Latex allergy from glove powder--an unintended risk with the switch from talc to cornstarch?

Allergy. 1997 Dec;52(12):1222-8. doi: 10.1111/j.1398-9995.1997.tb02527.x.


The present study aimed to investigate to what extent glove powders of different origins and brands bind and release latex allergens. One mineral talc and five cornstarch powders were used. The allergenic material was sap of Hevea brasiliensis. The powders were incubated together with the natural rubber latex sap, and four series of experiments were performed. The talc showed the highest tendency to bind isotope-labeled proteins. When incubated with a latex allergen solution, it reduced free allergen from 100 to 2 units/ml compared to a reduction to 70-98 units/ml for the cornstarch powders. In contrast to the nonstable binding of allergen to cornstarch, the binding to talc was irreversible. The allergen bound to talc was allergenically intact and, when incubated with serum, reduced the concentration of free IgE antibody to latex to 10% of the initial level. Mineral talc had a high capacity to bind latex allergens firmly. In contrast, cornstarch captured the latex allergen, but the binding seemed less pronounced and was unstable. The replacement of talc by cornstarch as glove-donning powder has coincided with the rapid increase in latex allergy. Mineral talc is heavy and only transiently airborne. Could this difference between talc and cornstarch in latex-allergen-binding pattern and the tendency of the latter to be airborne play an important role in the bioavailability of latex allergen and thus in the epidemic of latex sensitization.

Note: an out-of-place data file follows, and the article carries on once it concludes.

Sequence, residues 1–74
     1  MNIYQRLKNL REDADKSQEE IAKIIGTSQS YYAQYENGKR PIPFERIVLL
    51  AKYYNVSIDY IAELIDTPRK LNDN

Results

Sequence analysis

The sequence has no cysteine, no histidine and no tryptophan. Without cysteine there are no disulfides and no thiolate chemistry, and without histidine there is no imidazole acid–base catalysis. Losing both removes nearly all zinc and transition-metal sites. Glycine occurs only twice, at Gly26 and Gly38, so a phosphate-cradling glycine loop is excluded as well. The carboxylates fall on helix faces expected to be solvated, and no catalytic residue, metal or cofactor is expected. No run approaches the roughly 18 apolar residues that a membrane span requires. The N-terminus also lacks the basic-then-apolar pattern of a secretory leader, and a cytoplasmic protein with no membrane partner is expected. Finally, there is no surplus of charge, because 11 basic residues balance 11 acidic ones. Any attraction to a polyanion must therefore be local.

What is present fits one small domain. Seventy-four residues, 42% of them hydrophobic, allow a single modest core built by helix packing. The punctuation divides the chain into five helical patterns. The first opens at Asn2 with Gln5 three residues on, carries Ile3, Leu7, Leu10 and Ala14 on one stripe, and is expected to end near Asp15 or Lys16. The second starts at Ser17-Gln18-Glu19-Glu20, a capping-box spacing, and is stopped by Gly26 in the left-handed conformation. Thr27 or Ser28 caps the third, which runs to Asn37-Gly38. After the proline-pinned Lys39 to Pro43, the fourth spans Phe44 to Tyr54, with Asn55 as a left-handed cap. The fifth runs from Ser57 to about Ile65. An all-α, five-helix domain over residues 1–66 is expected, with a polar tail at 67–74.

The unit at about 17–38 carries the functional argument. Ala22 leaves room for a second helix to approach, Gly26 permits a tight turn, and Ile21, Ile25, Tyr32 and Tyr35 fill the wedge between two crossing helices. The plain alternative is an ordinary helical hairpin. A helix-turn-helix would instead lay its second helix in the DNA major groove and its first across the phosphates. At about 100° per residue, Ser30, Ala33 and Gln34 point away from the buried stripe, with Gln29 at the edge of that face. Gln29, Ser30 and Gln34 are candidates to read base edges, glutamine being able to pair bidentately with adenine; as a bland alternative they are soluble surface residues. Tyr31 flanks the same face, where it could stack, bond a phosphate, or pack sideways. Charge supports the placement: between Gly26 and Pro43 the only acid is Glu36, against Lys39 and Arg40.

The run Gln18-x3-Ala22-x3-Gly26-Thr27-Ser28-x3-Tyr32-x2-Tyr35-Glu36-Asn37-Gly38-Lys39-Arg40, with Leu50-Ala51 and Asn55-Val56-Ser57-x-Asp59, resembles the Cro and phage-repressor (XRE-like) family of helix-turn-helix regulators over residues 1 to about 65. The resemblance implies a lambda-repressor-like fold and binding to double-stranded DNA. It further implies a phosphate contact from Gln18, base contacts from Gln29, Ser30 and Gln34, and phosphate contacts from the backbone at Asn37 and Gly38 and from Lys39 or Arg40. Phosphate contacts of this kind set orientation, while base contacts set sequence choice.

Publication types

  • Research Support, Non-U.S. Gov't

MeSH terms

  • Allergens / immunology*
  • Gloves, Surgical*
  • Humans
  • Hypersensitivity, Immediate / immunology
  • Immunoglobulin E / analysis
  • Latex / immunology*
  • Powders
  • Radioallergosorbent Test
  • Starch*
  • Talc*


  • Allergens
  • Latex
  • Powders
  • Talc
  • Immunoglobulin E
  • Starch